Annie Zaleski, author of Duran Duran’s Rio, on the 40 year legacy of one of the most iconic bands of the 80s.
It’s a vast understatement to say Duran Duran’s early days were a whirlwind. The classic-era lineup—vocalist Simon Le Bon, bassist John Taylor, guitarist Andy Taylor, drummer Roger Taylor, and keyboardist Nick Rhodes—played their first show on July 16, 1980. Less than a year later, the band released their debut, a self-titled LP. And less than a year after that came Rio, the subject of my 33 1/3 book.
In hindsight, that Duran Duran evolved so quickly within such a short timeline is astounding, especially considering the sonic differences between the band’s first two albums. Duran Duran is a study in contrasts: Rhodes’ atmospheric keyboards, which unfurl like rolling fog, bump up against John Taylor’s wiry basslines, Roger Taylor’s taut rhythms and Andy Taylor’s sharp-edged guitar riffs. The album is very 1981, in that it bears the imprimatur of funky disco, urgent punk and erudite post-punk, with gleaming flashes of glam and art-rock thrown in for good measure.
Duran Duran technically planted the seeds for their debut album on July 29, 1980, when they entered AIR Studios – founded by Beatles producer George Martin — and recorded “Girls on Film” and “Tel Aviv.” These early versions were quite different from the ones that later appeared on their debut LP; in fact, they were heavily inspired by the noisy contortions of Roxy Music.
Later, the band entered several other London studios, with Colin Thurston at the helm producing, to finesse these songs and others. The results could be extroverted—the strutting dancefloor napalm “Girls on Film,” sizzling disco-punk anthem “Planet Earth,” rumbling “Careless Memories”—or introspective, as on the horror movie-eerie “Night Boat” or whispering, morose ballad “To the Shore.” But Duran Duran weren’t content on settling into one mood or groove; the band’s appeal from day one was how they conveyed a broad, heartfelt range of emotions.
In his memoir, John Taylor cited Simon Le Bon’s “post-punk intellectualism” and Andy Taylor’s “raw but well-wrought playing style” as things that “multiplied the band’s appeal by any number of degrees.” Both of these things were present in spades of the urgent “Sound of Thunder”: Moroder-esque keyboard percolations and cascading synthwork give way to Le Bon’s existential musings—was he waiting on inspiration? divine intervention? a flash of creativity?—and a bridge full of abstract sonic sculpting.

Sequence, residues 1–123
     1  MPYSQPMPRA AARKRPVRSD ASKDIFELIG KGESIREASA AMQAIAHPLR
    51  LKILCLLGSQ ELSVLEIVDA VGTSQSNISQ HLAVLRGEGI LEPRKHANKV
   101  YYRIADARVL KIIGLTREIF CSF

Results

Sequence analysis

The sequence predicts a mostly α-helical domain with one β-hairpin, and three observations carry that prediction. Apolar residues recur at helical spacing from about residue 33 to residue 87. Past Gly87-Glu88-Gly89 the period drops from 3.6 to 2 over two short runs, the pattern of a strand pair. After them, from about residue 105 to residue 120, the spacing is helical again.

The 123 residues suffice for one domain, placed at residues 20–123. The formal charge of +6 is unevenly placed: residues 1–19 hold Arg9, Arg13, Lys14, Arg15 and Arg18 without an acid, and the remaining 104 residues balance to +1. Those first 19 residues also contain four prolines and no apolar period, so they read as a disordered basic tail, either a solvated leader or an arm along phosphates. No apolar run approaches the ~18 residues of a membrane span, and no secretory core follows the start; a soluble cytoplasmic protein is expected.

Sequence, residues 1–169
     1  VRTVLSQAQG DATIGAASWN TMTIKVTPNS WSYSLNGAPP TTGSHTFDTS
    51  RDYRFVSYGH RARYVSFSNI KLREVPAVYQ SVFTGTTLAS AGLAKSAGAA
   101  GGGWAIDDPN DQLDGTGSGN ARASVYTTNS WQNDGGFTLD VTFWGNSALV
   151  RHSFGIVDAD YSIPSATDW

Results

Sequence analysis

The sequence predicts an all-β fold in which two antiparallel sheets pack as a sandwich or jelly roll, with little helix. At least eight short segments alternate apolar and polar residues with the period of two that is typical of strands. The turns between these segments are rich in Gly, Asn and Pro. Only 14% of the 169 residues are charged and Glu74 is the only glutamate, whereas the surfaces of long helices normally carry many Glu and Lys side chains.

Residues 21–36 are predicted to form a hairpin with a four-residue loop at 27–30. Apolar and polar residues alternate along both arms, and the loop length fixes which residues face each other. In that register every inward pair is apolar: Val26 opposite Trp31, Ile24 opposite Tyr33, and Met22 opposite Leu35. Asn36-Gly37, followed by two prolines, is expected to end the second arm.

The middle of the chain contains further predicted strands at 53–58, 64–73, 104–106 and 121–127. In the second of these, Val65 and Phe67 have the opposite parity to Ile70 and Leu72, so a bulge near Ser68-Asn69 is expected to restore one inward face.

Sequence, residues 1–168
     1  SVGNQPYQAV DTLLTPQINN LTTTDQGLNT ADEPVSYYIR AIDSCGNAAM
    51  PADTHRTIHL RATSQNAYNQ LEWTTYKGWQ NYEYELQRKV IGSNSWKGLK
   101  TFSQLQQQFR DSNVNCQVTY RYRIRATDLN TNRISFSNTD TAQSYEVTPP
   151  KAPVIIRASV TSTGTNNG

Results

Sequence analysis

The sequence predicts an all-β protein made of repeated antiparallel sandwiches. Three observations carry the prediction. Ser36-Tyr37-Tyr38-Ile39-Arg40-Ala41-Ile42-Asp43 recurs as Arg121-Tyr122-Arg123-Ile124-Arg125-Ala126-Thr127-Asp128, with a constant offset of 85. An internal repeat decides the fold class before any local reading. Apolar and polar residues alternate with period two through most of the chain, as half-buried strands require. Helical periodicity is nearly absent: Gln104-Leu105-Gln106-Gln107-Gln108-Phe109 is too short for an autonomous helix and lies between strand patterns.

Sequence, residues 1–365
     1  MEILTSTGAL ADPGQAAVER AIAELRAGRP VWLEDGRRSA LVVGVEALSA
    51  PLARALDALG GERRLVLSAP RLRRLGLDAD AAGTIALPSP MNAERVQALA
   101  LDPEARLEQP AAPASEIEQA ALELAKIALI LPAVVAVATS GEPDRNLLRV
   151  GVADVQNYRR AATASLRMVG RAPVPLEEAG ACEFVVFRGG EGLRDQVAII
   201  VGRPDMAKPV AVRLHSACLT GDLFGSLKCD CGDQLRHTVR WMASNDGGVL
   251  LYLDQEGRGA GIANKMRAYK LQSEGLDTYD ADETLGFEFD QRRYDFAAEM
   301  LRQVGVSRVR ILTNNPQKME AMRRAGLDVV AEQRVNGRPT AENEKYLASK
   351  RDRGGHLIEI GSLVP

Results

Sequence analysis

This kind of intriguing lyrical obscurity would also become a Duran Duran hallmark. “Planet Earth” contains one of the first major instances of surreal Le Bon-isms (“making patterns rhyme”), while doubling as a manifesto on apocalyptic cultural shifts (led by Duran Duran, naturally). And on “Anyone Out There” (“My face in the mirror shows a break in time”) and “Careless Memories” (“It always takes so damned long / Before I feel how much my eyes have darkened”) Le Bon communicates angst and heartbreak via vivid, thought-provoking imagery.
However, it’s important to note that Duran Duran was self-aware, not solipsistic. Just consider the dinosaur-stomp funk twist “Friends of Mine,” which boasts some clever wordplay. After singing “I’m not too late,” Le Bon alternates between singing “And I know that I’m not taking anymore” with “And I know that I’m not waiting anymore,” a subtle change that signifies he’s fed up (and hip to) the antics of so-called friends.
Elsewhere, the line “No more heroes, we twist and shout” is a sly nod perhaps to pop songs of yore by the Stranglers (1977’s “No More Heroes,” which references a litany of famous people) and Isley Brothers (1959’s “Twist and Shout”). However, as this lyric comes after a line referencing the infamous robber George Davis being released from jail, the insinuation is clear: There’s a new guard in town that has no use for what worked in the past—or what idols may have reigned supreme.
That push for new beginnings was classic Duran Duran at this point. Mere months after this debut landed in stores, the band was already heading full-speed-ahead into the Rio era. A disco-fied take on “My Own Way,” later to be re-done for Rio, arrived in the fall as a single; a nearly fully formed “Last Chance on the Stairway,” which referenced Voltaire, was being played live.
“When we went into the rest of the writing to prepare the Rio album, we hadn’t really had time to think about the success that we’d achieved with the first album,” keyboardist Nick Rhodes told me in an interview for the Rio book. “We’d already moved on, and we’d got some songs that we thought were as good, if not better, than some of the songs on the first album already.”
Bassist John Taylor echoed this sentiment—but went one step further and crystallized just how special Duran Duran’s evolution was, particularly as the five band members settled into a groove. “You know, maybe the first album could’ve been made by a few different variations of guys, but that second album could’ve only been made by us five,” he told me. “Rio could’ve only been made by those five guys.”
Want more Duran Duran? Check out Annie’s book today!